Among mold types found in the home, this allergenic mold is most likely to be found growing on wood or painted surfaces or behind wallpaper. It can be either brown, pink or black in appearance, depending on how long its been growing. The older it is, the darker it becomes.

Although its also classified as an allergenic mold, Aureobasidium is more likely to cause an allergic reaction on the skin. Individuals who are exposed to this type of mold may also experience nail, skin or eye infections.

3. Cladosporium

Unlike some other types of household mold, Cladosporium doesn’t need warm temperatures to thrive. It can be found in warm or cool conditions, and it’s most likely to take hold in carpets or upholstered furniture. You might also find this type of mold residing inside of kitchen cabinets or under flooring. Cladosporium is best identified by its color — olive green or brown — as well as its texture which is reminiscent of suede.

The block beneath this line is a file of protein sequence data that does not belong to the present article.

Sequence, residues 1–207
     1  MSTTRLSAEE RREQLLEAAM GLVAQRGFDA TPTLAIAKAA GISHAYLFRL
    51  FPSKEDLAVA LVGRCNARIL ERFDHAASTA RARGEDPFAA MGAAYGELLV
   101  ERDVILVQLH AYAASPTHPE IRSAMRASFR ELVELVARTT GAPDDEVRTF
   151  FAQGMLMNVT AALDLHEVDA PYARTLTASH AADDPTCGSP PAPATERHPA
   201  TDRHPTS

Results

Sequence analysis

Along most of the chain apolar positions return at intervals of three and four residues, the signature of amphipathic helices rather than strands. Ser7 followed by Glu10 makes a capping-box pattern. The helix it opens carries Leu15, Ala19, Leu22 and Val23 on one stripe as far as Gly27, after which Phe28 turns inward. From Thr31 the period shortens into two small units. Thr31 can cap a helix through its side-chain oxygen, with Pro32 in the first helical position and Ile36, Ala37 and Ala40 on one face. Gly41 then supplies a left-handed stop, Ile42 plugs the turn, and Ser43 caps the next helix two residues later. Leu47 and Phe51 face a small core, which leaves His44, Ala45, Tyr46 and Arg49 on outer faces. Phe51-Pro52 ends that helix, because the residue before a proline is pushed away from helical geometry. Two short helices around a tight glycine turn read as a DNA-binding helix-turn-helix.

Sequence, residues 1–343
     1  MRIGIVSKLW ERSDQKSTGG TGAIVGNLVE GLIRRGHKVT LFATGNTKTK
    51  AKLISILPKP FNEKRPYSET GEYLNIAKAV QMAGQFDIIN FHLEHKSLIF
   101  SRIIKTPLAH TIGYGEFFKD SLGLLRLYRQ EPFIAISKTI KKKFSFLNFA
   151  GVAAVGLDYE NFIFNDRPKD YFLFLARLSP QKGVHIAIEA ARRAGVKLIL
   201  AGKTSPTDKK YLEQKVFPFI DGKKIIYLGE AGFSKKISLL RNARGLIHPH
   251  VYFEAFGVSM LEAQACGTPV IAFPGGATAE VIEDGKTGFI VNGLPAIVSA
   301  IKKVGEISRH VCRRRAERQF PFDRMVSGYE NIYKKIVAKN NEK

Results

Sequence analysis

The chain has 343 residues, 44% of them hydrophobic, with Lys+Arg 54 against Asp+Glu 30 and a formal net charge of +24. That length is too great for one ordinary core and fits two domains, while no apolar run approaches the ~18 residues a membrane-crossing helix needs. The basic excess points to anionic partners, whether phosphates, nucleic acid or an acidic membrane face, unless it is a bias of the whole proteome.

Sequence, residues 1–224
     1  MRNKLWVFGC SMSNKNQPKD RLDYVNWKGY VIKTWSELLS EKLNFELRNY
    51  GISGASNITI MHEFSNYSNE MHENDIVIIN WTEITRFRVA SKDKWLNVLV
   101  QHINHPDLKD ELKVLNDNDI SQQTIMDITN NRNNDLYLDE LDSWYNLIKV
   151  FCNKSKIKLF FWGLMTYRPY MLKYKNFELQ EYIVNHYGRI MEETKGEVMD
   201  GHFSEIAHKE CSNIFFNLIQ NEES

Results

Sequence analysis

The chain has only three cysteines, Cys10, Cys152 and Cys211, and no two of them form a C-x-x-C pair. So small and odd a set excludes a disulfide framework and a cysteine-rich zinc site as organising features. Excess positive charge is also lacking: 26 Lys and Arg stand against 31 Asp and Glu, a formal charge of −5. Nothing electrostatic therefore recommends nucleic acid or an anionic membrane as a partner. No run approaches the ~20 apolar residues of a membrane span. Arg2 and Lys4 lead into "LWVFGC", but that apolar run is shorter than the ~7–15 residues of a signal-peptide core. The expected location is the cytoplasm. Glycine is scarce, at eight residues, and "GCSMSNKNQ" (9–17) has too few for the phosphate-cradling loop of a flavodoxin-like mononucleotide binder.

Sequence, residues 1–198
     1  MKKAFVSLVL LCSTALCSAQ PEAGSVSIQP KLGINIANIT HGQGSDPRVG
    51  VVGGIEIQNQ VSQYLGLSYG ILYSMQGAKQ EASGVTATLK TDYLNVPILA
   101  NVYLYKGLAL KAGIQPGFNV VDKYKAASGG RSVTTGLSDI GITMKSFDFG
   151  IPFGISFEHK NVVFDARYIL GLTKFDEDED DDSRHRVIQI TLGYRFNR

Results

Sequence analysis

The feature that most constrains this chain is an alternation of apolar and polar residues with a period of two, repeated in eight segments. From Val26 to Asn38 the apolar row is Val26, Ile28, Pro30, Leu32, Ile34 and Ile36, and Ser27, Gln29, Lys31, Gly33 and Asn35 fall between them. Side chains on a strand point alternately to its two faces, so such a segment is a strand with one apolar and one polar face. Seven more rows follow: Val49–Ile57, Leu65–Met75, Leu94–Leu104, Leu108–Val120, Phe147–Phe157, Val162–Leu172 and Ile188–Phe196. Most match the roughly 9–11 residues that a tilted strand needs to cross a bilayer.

Even though its texture is one of its identifying features, you should avoid touching it if you suspect that this type of mold is in your home. When handled, it can cause serious skin rashes, as well as lung irritation and upper respiratory issues.

4. Aspergillus

This common mold might be tougher to identify because there are many variations of it. Besides appearing in many different colors, it is also known for having long spores that form chains of mold and can quickly cover a variety of surfaces.

Although classified as an allergenic mold, Aspergillus can become a toxic mold, depending on where it forms and which variation is present. This means that it has the potential to cause lung infections and asthma attacks. In some forms, it can also even produce aflatoxins, a type of fungi that has been connected to an increased risk of liver cancer.

5. Penicillin

Yes, this type of mold has certain antibiotic properties when grown in the right conditions, but when it takes hold in the home, it can be the cause of serious health issues. Penicillin is an allergenic mold that can easily be identified by its velvety green-blue appearance. This rapidly spreading mold is most often found in homes that have suffered water damage, especially in wallpaper, carpets, mattresses and even air ducts.